EU SINGLE MARKET KETs
1 April 2016
Anne Louise K. FULRAD, Director of ALTHEIS LTD
With more than 500 million consumers, the European Single Market for products and services provides many opportunities for international trade.
I. EUROPEAN STANDARDISATION SYSTEM
Standards help reduce technical barriers to trade, reduce costs, and facilitate SMEs’ access to markets.
II. BILATERAL TRADE NEGOTIATIONS
The EU engages in bilateral trade negotiations to tackle regulatory barriers in third countries.
III. PUBLIC PROCUREMENT
Every year, over 250 000 public authorities in the EU spend around 14% of GDP on the purchase of services, works and supplies. In many sectors such as energy, transport, waste management, social protection and the provision of health or education services, public authorities are the principal buyers. Public procurement refers to the process by which public authorities, such as government departments or local authorities, purchase work, goods or services from companies.
IV. INNOVATIVE INDUSTRIAL SECTORS
Key Enabling Technologies (KETs) provide the basis for innovation in a range of products across all industrial sectors.
KEY ENABLING TECHNOLOGIES
KETs are a group of six technologies: micro and nanoelectronics, nanotechnology, industrial biotechnology, advanced materials, photonics, and advanced manufacturing technologies. They have applications in multiple industries and help tackle societal challenges. Countries and regions that fully exploit KETs are at the forefront of creating advanced and sustainable economies.
ENSURING A LEVEL PLAYING FIELD FOR KETS
Europe is not alone in understanding the importance of KETs and many non-EU countries have adopted policies designed to attract foreign investment in KETs which distort the market for KETs-related industries. The European Commission works ensure a level playing field for KETs by examining trade policy and negotiating trade agreements, and modernising state aid rules.
V. CE MARKING
Importers and distributors help ensure that only products compliant with EU legislation and bearing the CE marking are placed on the extended Single Market of the EEA. As they are the intermediaries between manufacturers and traders, they must have overall knowledge of the legal requirements and make sure that the products they distribute or import meet them.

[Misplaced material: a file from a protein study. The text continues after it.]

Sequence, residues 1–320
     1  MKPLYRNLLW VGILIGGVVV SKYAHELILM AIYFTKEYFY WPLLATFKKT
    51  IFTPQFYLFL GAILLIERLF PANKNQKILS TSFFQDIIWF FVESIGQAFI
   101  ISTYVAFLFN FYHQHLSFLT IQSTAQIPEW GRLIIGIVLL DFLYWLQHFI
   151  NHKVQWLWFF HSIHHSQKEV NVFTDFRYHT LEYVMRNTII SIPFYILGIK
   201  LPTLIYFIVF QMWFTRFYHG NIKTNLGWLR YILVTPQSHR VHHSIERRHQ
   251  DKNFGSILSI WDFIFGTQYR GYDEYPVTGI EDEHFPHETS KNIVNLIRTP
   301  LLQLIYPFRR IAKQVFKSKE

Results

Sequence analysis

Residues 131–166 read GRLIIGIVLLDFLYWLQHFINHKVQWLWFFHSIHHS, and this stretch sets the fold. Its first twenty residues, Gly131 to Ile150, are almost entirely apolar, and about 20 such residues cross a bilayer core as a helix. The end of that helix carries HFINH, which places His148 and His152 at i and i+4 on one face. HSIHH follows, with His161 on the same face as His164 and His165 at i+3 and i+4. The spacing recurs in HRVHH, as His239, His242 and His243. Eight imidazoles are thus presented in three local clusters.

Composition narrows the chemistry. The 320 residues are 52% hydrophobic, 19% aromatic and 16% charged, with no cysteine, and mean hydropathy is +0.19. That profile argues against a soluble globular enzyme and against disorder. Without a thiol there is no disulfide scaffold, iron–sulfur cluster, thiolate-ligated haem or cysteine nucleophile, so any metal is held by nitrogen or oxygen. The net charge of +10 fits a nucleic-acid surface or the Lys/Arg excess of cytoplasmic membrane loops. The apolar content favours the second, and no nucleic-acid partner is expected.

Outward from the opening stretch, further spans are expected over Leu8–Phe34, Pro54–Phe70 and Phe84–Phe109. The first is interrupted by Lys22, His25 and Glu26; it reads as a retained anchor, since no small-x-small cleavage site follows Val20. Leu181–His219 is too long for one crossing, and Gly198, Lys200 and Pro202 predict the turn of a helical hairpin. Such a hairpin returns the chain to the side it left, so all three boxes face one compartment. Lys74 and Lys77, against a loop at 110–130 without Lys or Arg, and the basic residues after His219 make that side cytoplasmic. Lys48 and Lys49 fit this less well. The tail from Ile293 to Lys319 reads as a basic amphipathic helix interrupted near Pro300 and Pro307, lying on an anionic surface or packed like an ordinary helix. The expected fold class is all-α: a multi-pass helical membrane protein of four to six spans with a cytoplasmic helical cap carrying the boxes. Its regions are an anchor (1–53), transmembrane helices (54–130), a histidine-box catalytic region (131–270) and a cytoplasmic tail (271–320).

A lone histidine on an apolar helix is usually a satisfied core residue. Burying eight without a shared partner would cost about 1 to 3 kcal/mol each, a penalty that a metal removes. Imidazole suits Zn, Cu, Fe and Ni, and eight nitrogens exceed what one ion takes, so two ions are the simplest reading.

When importing from non-EU countries, importers must check that products fulfil all EU safety, health and environmental protection requirements before placing them on the market. The importer has to verify that:
– the manufacturer outside the EU has taken the necessary steps to allow the product to be placed on the EU market;
– the necessary documentation such as the EU Declaration of Conformity and technical documentation;
– contact with the manufacturer is possible at any time.
Distributors must handle the product carefully and they mustn’t affect its compliance with EU legislation. The distributor has to know which products must bear the CE marking and the accompanying documentation. They should be able to identify products that are not in compliance.
Distributors must be able to demonstrate to national authorities that they:
– have confirmation from the manufacturer or the importer that the necessary measures have been taken;
– are able to assist national authorities in their efforts to receive the required documentation.
If importers or distributors market the products under their own names, they take over the manufacturer’s responsibilities. In this case, they must have sufficient information on the design and production of the product because they will be assuming the legal responsibility when affixing the CE marking.
Altheis Ltd is located in London and provides legal advice and consultancy including: International transactions and transactions within the European Union, including governance, mergers and acquisitions, joint ventures; International trade in the European Union internal market and South East Asian market, including commercial contracts and sales; Transfer of technologies and know-how; R&D&I partnership agreements and intellectual property rights; European Union procurement; and Lobbying to European Union institutions (laws and policies).
Altheis Ltd comprises Mrs K. Fulrad, founder and registered lobbyist to the European Parliament, Mr Gilles-Kerdreux, an Attorney-at-Law of the Paris Bar and Mr Maisuk, Attorney-at-Law of the Thailand Bar.